Fish in Fukushima Still Contaminated

Written by on October 26, 2012 in Marine Life

UPDATE Sept 13 — The announcement from government officials and the Tokyo Electric Power Company (TEPCO) that radioactive water is still leaking from the Fukushima Dai-ichi nuclear power plant has rehashed concerns about the safety of seafood coming from the Pacific Ocean. So is it safe?

Earlier this month, South Korea announced that it is banning all fish imports from along Japan’s northeastern coast because of the leak. The ban applies to a total of eight prefectures covering more than 700 kilometers (430 miles) of coastline, even though only fisheries in the Fukushima prefecture are closed. Fish caught in the surrounding prefectures are only sold after they have past safety standard tests, but South Korea won’t accept any fish, even if they meet safety standards.

But for now, we don’t have to worry about seafood sold in the US. That’s because unsafe levels of radiation are mostly limited to bottom-dwelling fish in the Fukushima prefecture so other migratory fish, like tuna, wouldn’t have unsafe levels of radiation by the time they were caught in the eastern Pacific. 

For more information, check out FAQs on Radiation from Fukushima and 5 Things You Need To Know About Fukushima and Seafood.

UPDATE Sept 1 — Radiation levels around the plant are 18 times higher than previously thought. Learn more here.

UPDATE Aug 30 — The government released a public statement calling for the immediate evacuation of all residents within a 50-mile radius of the Fukushima Nuclear Power Plant due to the leaks. Learn more here.

UPDATE Aug 28 — What use to be a level 1 “anomaly rating” has been raised to level 3, a week after news emerged of a leak of hundreds of tons of radioactive water from one of the storage tanks at the plant. Learn more here

A fish market in Japan.

A fish market in Japan. Photo credit.

New data shows that fish caught off the coast of Japan are still suffering from the effects of the March 2011 “triple disaster.”

The magnitude 9.0 earthquake caused a 40 foot tsunami, which caused  terrible damage to the Fukushima Dai-ichi nuclear power plant.  The damage to the power plant resulted in the largest accidental release of radiation to the ocean, ever.

To help understand the lingering effects, Woods Hole Oceanographic Institution marine chemist Ken Buesseler analyzed data from the Japanese Ministry of Agriculture, Forestry and Fisheries (MAFF) that was made available to the public.  He analyzed the radiation levels of nearly 9,000 samples of fish, shellfish and seaweed from locations around Fukushima Prefecture.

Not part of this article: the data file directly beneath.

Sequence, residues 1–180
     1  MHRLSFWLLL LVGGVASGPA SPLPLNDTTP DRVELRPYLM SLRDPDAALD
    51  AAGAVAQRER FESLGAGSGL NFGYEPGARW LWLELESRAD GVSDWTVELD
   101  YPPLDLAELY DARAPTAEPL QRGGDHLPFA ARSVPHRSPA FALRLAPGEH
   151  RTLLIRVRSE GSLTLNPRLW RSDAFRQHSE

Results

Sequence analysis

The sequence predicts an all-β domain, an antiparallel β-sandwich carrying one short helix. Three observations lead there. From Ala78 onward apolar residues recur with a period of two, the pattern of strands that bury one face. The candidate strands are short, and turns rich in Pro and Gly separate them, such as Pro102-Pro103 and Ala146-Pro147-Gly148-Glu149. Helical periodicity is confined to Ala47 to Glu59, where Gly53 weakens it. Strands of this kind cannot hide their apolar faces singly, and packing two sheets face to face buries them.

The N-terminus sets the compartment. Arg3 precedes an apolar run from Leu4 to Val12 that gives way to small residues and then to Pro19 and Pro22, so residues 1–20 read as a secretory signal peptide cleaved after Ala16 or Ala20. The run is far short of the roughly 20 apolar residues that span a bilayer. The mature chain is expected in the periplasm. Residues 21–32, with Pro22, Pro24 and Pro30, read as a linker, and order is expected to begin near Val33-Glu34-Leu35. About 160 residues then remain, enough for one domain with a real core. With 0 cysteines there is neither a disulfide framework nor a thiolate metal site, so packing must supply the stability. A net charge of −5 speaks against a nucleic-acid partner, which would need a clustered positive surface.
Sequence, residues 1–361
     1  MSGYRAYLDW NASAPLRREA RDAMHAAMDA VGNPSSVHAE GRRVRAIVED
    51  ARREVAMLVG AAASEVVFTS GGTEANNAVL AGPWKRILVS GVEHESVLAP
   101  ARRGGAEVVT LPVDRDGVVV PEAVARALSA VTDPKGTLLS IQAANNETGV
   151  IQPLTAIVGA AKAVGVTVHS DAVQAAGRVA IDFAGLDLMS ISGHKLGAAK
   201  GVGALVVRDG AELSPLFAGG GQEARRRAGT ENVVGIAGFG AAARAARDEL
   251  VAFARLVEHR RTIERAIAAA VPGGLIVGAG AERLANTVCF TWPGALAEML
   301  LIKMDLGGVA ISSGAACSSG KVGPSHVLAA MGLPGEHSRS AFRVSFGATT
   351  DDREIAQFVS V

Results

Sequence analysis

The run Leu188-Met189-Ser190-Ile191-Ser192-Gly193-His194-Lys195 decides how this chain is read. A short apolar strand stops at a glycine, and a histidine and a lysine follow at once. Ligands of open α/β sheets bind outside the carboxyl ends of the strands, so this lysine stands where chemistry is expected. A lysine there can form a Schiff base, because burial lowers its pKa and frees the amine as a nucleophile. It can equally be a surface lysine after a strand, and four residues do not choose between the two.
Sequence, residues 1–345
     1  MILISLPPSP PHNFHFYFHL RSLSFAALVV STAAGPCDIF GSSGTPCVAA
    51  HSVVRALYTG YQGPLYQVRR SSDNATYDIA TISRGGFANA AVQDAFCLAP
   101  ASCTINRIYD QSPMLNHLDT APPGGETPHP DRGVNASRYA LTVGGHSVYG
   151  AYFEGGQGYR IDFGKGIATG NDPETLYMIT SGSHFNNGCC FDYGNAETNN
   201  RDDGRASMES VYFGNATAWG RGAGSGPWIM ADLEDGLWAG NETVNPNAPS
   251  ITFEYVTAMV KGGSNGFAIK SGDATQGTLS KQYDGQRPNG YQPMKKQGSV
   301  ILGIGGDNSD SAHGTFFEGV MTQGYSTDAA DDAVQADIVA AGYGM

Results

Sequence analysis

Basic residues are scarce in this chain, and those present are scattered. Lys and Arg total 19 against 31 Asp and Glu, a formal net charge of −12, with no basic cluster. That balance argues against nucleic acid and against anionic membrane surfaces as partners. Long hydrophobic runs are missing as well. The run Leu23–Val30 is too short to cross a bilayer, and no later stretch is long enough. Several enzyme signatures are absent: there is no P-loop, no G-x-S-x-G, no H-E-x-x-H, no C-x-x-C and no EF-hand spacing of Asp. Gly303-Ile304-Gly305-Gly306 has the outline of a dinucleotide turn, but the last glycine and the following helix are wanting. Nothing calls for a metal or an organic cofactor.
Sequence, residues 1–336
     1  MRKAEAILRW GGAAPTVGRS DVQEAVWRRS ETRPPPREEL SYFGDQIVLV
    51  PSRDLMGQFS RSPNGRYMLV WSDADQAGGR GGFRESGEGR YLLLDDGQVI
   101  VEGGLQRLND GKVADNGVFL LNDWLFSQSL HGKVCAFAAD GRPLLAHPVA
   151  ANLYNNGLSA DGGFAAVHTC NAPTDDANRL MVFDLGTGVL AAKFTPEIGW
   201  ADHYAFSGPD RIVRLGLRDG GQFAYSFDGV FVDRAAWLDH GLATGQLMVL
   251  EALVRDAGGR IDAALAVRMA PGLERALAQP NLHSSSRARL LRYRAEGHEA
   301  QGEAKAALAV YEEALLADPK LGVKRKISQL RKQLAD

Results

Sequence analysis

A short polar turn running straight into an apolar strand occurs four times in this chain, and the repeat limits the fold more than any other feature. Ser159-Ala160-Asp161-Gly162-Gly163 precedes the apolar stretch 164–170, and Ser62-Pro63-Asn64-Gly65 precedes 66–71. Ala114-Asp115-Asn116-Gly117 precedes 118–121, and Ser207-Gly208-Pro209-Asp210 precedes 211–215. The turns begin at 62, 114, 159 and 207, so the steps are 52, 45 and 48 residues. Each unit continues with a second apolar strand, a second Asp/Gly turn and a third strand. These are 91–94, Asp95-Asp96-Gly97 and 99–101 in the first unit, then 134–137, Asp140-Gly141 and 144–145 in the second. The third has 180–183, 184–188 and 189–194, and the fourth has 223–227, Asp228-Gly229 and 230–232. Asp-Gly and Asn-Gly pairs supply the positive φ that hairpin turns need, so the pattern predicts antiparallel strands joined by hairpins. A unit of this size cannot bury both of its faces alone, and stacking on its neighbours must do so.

Buesseler’s findings:

  • 40% of fish show radiation levels above regulatory limits (a high percentage partly because the government lowered the limits in April 2012)
  • the most highly contaminated fish were caught off the coast of Fukushima Prefecture
  • bottom-dwelling fish showed the highest levels of contamination
  • most fish caught off the northeast coast remain below limits for seafood consumption
  • some fish don’t show any contamination at all
  • in fish that are contaminated, levels do not appear to be decreasing
  • must be a continuing source of radiation from low-level leaks from the reactor site, or contaminated sediment on the seafloor

“To predict the how patterns of contamination will change over time will take more than just studies of fish,” said Buesseler.  “What we really need is a better understanding of the sources and sinks of cesium and other radionuclides that continue to drive what we’re seeing in the ocean off Fukushima.”

To learn more:

Flooded runway only days after the tsunami.

Flooded runway only days after the tsunami. Photo credit: U.S. Air Force Staff Sgt. Samuel Morse.

 

Copyright © 2012 by Marine Science Today, a publication of Marine Science Today LLC.

About the Author

About the Author: Emily Tripp is the Publisher and Editor of MarineScienceToday.com. She holds marine science and biology degrees from the University of Miami's Rosenstiel School of Marine and Atmospheric Science and a Master of Advanced Studies degree in Marine Biodiversity and Conservation from Scripps Institution of Oceanography. When she's not writing about marine science, she's probably running around outside or playing with her dog. .

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